While we all go to lots of meetings (too many?), more and more people are spending more and more time in meetings using technology, rather than being face to face with everyone. And while meetings are still meetings and people are still people, virtual meetings are different.
One of the biggest challenges with virtual meetings is keeping people engaged and participating. Having led many virtual meetings, I’ve found five things that can help make a difference to increase participation and engagement, and reduce distractions for meeting participants. Let me share them with you here.
Determine and communicate the purpose of the meeting. There are many purposes for meetings. Some meetings are intended to be one-way information exchanges. If that is your purpose consider three things:
- Is a meeting the best way to share this information? Perhaps a meeting with everyone isn’t the best way to convey your information. Consider a video of your slides (or sending the PowerPoint file) for people to review on their time, with a much shorter scheduled follow-up meeting or call to handle concerns, questions and clarifications.
- If a meeting is the best choice, let people know what to expect — at least they will know that it is one-way information flow.
- If you are meeting for this purpose, adjust your expectations of participation. After all, if you (or someone else) is doing all the talking, how can they engage or participate anyway?
Distribute an agenda before the meeting. This relates to the last point but expands on it. Inside of your meeting you might have several desired outcomes that you want to achieve. Once you have decided that having a meeting is the best option, put together this agenda in advance and distribute it to the attendees. This does several things, but in the context of our conversation of engagement, it can serve as a way for people to know when during the meeting they need to be prepared (and are expected to) participate. There are at least three big mistakes that people make when building agendas:
- Describing topics of discussion, but not the desired outcome or goal for that portion of the meeting.
- Not describing when people are expected to participate.
- Trying to pack too much into the meeting. Since engagement and participation is often harder in virtual meetings, this is an especially important point. Recognize that if you want people to participate, especially if the group is larger than 4-5 people, it will take likely take longer remotely than face to face, so be careful about how ambitious you get with your agenda.
Expect participation. If, as a leader you aren’t getting the level of participation you want from your virtual meetings, make it clear in both the meetings and one on one communications what your expectations are. This is especially true if most of the virtual meetings in your organization are “dead” with little participation or very unequal participation.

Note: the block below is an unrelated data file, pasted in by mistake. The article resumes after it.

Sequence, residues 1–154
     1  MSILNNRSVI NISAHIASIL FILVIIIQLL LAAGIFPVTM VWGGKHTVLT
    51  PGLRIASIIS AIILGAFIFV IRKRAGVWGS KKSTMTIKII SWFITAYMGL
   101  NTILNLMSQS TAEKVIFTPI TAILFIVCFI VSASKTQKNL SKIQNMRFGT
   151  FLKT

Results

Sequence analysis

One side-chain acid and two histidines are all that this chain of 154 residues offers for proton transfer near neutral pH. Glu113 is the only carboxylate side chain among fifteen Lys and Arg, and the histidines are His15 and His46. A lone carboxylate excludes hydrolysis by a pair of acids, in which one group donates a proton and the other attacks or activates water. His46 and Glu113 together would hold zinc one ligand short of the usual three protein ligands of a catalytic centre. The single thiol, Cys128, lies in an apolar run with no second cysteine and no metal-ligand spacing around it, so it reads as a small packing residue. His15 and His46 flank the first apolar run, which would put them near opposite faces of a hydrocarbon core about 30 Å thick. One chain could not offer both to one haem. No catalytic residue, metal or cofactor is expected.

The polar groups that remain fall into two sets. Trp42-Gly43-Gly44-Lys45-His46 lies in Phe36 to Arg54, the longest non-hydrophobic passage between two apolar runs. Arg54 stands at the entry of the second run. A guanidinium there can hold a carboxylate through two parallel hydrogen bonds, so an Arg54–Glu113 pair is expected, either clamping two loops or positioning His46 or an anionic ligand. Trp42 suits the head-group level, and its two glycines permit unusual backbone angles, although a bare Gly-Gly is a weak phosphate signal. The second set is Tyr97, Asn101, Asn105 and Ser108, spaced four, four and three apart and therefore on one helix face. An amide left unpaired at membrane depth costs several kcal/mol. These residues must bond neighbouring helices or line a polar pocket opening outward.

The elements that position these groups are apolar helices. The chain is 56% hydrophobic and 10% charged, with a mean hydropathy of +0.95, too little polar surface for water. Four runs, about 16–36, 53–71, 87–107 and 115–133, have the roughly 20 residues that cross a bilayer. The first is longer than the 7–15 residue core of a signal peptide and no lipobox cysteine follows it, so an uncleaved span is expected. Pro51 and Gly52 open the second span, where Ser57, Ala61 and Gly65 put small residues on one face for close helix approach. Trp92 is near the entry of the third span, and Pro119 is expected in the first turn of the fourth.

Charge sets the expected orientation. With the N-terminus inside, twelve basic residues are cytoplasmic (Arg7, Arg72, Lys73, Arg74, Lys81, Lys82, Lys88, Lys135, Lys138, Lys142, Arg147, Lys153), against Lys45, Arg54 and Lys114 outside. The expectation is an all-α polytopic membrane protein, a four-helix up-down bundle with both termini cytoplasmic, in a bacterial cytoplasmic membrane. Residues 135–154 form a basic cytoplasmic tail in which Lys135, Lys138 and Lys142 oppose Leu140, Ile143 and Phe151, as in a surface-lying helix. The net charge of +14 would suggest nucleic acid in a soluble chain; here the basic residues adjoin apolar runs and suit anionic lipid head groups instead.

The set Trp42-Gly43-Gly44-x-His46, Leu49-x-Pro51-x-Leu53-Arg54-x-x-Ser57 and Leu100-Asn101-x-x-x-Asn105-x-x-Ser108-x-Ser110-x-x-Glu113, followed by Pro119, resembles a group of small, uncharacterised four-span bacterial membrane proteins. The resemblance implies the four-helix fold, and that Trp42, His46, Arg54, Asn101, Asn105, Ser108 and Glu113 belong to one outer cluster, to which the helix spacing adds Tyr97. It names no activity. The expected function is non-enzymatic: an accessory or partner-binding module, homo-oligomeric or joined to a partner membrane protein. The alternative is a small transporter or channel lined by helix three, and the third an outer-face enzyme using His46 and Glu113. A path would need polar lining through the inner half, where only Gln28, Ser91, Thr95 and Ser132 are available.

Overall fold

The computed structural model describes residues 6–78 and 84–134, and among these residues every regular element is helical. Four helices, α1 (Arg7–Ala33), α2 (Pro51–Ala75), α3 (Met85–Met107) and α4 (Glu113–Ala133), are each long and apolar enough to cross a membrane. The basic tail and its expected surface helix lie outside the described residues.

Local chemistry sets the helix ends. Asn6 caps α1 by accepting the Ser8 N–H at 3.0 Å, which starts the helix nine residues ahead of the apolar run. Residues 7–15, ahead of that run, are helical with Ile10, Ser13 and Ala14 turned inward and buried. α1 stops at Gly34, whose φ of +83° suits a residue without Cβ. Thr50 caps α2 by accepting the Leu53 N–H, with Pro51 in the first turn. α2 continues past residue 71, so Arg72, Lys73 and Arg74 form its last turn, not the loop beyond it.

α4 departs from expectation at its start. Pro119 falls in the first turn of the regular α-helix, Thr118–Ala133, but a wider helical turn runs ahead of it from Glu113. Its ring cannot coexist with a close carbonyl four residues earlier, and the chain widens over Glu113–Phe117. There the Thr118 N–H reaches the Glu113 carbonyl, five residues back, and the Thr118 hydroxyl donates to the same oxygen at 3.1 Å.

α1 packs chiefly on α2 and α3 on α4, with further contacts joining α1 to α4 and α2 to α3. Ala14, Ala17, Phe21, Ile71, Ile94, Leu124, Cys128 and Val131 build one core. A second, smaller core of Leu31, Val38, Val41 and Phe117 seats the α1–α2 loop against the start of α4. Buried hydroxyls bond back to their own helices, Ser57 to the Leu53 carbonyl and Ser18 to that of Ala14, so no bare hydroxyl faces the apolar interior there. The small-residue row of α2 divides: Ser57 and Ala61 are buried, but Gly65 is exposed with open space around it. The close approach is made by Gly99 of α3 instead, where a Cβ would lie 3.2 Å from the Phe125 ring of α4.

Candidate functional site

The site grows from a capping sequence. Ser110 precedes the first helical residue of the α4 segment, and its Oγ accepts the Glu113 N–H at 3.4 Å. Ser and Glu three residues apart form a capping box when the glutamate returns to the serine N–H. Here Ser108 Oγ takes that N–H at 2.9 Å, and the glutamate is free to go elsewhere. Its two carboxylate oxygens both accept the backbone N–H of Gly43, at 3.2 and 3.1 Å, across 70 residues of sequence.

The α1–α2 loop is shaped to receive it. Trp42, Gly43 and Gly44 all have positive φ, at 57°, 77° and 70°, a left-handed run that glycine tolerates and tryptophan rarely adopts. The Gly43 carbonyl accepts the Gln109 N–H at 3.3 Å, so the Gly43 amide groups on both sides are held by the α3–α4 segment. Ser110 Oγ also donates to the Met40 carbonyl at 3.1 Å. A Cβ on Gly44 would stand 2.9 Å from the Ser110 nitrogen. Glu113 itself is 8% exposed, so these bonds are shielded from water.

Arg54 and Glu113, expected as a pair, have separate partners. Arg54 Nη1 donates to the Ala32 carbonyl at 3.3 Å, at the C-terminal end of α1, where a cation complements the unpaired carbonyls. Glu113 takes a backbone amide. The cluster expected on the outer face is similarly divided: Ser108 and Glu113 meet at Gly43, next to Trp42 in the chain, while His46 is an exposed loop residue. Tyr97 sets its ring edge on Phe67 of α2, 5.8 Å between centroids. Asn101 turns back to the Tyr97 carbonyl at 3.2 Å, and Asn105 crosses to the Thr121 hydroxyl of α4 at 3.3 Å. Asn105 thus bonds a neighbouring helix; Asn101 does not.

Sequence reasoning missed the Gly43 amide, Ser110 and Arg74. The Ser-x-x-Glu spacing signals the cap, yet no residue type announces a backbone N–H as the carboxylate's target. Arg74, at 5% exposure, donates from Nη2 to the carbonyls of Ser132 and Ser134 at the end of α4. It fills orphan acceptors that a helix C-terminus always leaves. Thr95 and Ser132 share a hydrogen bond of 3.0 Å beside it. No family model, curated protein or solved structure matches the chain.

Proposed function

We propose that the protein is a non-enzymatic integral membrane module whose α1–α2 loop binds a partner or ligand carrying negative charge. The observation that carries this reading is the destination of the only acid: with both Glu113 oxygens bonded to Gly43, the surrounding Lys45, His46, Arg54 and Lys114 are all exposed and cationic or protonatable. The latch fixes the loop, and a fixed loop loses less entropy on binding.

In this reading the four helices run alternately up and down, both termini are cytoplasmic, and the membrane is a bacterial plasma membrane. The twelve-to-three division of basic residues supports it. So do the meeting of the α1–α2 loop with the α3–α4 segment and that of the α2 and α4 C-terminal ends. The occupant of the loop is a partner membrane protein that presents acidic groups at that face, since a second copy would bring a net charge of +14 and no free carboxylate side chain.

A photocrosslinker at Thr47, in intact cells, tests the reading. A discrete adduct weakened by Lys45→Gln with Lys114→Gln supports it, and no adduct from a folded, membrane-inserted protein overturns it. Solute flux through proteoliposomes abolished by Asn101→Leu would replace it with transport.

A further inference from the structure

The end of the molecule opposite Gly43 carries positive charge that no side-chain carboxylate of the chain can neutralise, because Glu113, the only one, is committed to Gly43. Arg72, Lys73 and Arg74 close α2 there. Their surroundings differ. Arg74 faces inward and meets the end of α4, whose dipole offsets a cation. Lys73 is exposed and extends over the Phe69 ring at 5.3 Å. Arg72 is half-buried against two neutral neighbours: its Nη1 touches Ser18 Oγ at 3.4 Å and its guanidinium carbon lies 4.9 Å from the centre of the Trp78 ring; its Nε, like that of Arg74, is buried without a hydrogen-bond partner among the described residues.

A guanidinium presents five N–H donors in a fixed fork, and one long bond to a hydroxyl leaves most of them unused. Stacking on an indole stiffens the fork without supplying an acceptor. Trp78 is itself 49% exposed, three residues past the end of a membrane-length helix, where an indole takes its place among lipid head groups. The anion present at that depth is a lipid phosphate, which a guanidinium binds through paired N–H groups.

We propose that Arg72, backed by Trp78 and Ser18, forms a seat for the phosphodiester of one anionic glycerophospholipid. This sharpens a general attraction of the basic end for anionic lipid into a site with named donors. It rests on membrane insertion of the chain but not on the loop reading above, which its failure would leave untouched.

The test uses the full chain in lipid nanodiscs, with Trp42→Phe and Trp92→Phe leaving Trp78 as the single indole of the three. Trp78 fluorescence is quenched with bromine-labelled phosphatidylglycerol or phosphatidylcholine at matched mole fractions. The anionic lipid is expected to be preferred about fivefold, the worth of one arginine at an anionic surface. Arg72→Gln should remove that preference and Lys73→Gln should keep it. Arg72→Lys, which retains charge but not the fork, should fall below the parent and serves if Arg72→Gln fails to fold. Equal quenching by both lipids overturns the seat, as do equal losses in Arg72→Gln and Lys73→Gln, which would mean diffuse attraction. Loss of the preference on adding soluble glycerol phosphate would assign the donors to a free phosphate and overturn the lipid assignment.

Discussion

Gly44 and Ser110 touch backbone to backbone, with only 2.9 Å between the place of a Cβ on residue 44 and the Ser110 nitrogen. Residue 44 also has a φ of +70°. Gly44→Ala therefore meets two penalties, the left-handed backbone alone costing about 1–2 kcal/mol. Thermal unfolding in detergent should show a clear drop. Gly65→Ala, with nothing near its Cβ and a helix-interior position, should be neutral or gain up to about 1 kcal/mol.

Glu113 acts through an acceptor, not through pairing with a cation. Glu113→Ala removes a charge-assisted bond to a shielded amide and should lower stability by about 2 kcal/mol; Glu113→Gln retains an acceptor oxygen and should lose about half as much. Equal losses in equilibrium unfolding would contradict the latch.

Design the meeting flow for participation. This is a critical point. There are several things you can do to engage people that you might not have to do, or even want to do in a face to face meeting. Here are a few strategies to help you get started.
- Ask specifically for input from people or sites. While in a face to face meeting you might not call individuals out, in this setting it is more important. Face to face people can see who is ready to talk, so fewer interruptions occur. One of the many reasons people don’t speak up is that they don’t want to interrupt someone else. Asking “Angie, what do you think?” gives Angie space, permission and sets an expectation that she share.
- Move through the group randomly. In meetings where everyone will report out, I have come up with unusual ways to order the group and then have the group try to figure out how I selected the order. I’ve done obscure things like the alphabetical order of the college they graduated from, reverse age of their oldest child and much more. It keeps everyone on their toes and ready to participate, reduces the multi-tasking that too often plagues these meetings, and injects a bit of fun.
- Have people call on the next person after them. If you want everyone to participate, have each person pick who they want to share next.
- Facilitate more strongly. Because people can’t see each other, someone needs to moderate the discussion a bit more than might be needed in a face to face meeting. As just one example: When two people speak up at once, intervene and ask one person to continue than let the second person in next before allowing the discussion to continue. This makes people feel safe and heard — and improves the chances they will speak up the next time.
Reduce the use of mute. You’ve experienced it — people are talking but are still on mute and their comments weren’t heard. Or someone asks them something and there is a long pause before they respond. While I have mostly avoided the big elephant in the virtual meeting room — which is multi-tasking — we can’t avoid it. One of the ways people try to hide their keyboard clicks (and other noises) is by muting their phone. While there may be a time for mute if there is lots of background noise, the bigger question is, how can people really engage in the topic at hand if they are in a noisy place? Expect people to participate from a place where they can concentrate, and not use mute unless absolutely necessary for the success of the call.
This gives you five strategies to promote and create more engagement and participation in your virtual meetings. I encourage you to take the action steps to make your future virtual meetings more effective and successful.
Before I go, if as a leader you find yourself leading many remote meetings or leading a remote team, I encourage you to consider the resources — both free and otherwise — that can be found at http://RemoteLeadershipInstitute.com.